Coupled with protection is protest. Veganism is a social justice movement. You don’t necessarily have to march in the streets with picket signs decrying the social evils of the day. You can do this by simply adopting a vegan lifestyle, which includes watching what you eat and what you wear. Here’s what you protest when you go vegan:

  • More than 200 million land animals killed daily
  • 72 billion land animals killed per year
  • Over 1.2 trillion aquatic animals killed for food annually[4]

And this is just for food, not counting killing animals for fashion. Remember: going vegan is a protest against the use of animals for food and clothing. You not only protest animal abuse and slaughter but by your dietary and fashion choices but you say, “Black Lives Matter!” Because you’re taking care of your health.

Dr. Kevin Jenkins is “The Vegan Bourne,” a super-fit pastor who’s a bodyguard on the side!

For example, did you know that in 2011, CVD (cardiovascular disease) caused the deaths of 46,081 Black men and 47,130 Black women?[5] In his book How Not To Die,[6] Dr. Michael Greger lists the fifteen leading causes of death caused by sickness and tells us all of them can be avoided if we eat more plants! By going vegan you wage a protest against a healthcare system that is not focused on healthcare but disease care.

You protest animal slaughter and disease, but also fast food genocide. When I was a child, one of my great cartoon heroes was Popeye. Popeye got strong because he ate spinach. He was the first vegan superhero. But Popeye must be rolling in his grave because so many chicken fast-food places are using his name.

I always say you can get away with murder when you put murder in food. Just take a look in our neighborhoods and you can see fast food places and liquor stores. And what is the result? Our community is burdened with obesity, diabetes, and cancer. As Black men we can combat these medical problems by not only going vegan but establishing farmers markets where people can have access to more fruits and vegetables.

  1. Power

The fifth and final reason why Black men should go vegan is intriguing. It’s intriguing because in our history there is a consistent attempt to deny Black men power—whether it’s politically, educationally, and professionally. So how does going vegan help a Black man secure power?

In a way, I hope I have secured this argument in my previous points. However, let me add two more reasons under the umbrella of power: Energy and Anti-Aging. I’m not telling you something that I have not experienced. I have been plant-based for over forty-four years, starting with becoming vegetarian when I was nineteen and vegan forty years later.

My energy levels are off the roof because I haven’t eaten animals who are killed in slaughterhouses, hearing the screams of their fellow creatures and smelling the blood of the dying. When you are eating animals, you are placing that energy inside of you. This is confirmed by studies that suggest a connection between mental illness and diet.[7]

Eating plants energizes you, because they also contain anti-aging properties. I always love the shock on people’s faces when I tell them how old I am! Before I give the big reveal, I always ask them to guess my age. And I always get ten to twenty years younger. This is the result of a combination of spirituality, a positive attitude, consistent exercise, and a vegan lifestyle.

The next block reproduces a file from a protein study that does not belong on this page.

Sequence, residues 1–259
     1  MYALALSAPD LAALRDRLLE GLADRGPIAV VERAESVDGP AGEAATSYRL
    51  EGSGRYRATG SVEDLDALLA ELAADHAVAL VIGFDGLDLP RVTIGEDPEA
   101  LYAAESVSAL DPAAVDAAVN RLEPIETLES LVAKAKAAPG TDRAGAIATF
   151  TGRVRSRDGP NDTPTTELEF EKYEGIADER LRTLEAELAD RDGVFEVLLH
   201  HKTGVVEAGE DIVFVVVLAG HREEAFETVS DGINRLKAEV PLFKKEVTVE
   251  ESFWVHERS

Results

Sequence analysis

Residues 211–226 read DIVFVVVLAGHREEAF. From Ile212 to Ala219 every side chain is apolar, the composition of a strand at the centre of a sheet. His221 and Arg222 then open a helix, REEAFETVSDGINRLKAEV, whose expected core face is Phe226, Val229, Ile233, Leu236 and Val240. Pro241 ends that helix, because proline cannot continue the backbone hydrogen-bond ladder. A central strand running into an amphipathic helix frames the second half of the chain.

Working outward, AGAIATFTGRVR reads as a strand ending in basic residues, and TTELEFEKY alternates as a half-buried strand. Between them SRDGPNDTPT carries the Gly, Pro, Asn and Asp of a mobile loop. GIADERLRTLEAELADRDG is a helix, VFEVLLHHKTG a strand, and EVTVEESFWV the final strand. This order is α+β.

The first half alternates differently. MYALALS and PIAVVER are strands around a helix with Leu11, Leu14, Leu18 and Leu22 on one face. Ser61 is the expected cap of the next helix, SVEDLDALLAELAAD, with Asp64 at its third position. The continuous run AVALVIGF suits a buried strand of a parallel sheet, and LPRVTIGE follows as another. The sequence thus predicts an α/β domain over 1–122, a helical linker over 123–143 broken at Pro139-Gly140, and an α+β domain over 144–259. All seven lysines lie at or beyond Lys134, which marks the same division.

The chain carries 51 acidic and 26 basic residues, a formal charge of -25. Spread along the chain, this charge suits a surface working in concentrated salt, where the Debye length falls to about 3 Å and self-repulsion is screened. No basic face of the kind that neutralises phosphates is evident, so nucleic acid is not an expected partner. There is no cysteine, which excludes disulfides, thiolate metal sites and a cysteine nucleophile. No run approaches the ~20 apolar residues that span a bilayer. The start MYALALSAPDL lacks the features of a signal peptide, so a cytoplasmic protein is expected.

Black men: You are destined for glory and greatness. What you do for your health will impact our communities. It’s time to consider going vegan. Going vegan will empower you to fight against the unrelenting challenges we face daily in a society designed to disempower us.

Kevin Jenkins, D.Min., VLCE

Becoming stronger mentally, physically, and spiritually starts with what’s on your plate. And we if start this journey, we can chant like actor Derek Luke in the movie Antwone Fisher: “I’m still standing. I’m still strong.”

Kevin Jenkins, D.Min., VLCE, CPT is pastor of the Genesis Seventh-Day Adventist Church in Plainfield, NJ, a bodyguard and fitness athlete, and a Main Street Vegan Academy-certified Vegan Lifestyle Coach and Educator. Find him on Instagram @TheVeganBourne.

[1]     Lannis Hall, Arnold D. Bullock, et al. “Prostate Cancer Isn’t Colorblind,” New York Times, July 27, 2016; and Boston Scientific. “Prostate Cancer: Patient Resources, n.d.,
[2]     Zion Market Research. “Global Erectile Dysfunction Drugs Market Will Reach USD 7.10 Billion by 2024: Zion Market Research,” October 5, 2018,
[3]     Susan Levin. “How You Can Help Save the Planet—and Yourself—Simply by Substituting Beans for Beef,” Salon June 11, 2017,
[4]     Sentient Media. “How Many Animals Are Killed for Food Every Day?” n.d.,
[5]     American Heart Association/American Stroke Association. “African Ameicans & Cardiovascular Diseases: Statistical Fact Sheet 2015 Update.”
[6]     Michael Greger, M.D. How Not to Die: Discover the Foods Scientifically Proven to Prevent and Reverse Disease (New York: Flatiron Books, 2015).
[7]     James Ponder, “School of Public Health Study Links Unhealthy Diet to Mental Illness in California Adults,” Loma Linda University Health, February 20, 2019,

Please note: This excerpt is (c)2021 by Kevin Jenkins, D.Min. It can be reprinted only with the express permission of Lantern Books. If you wish to share this, contact Martin Rowe, publisher, Lantern Books: [email protected]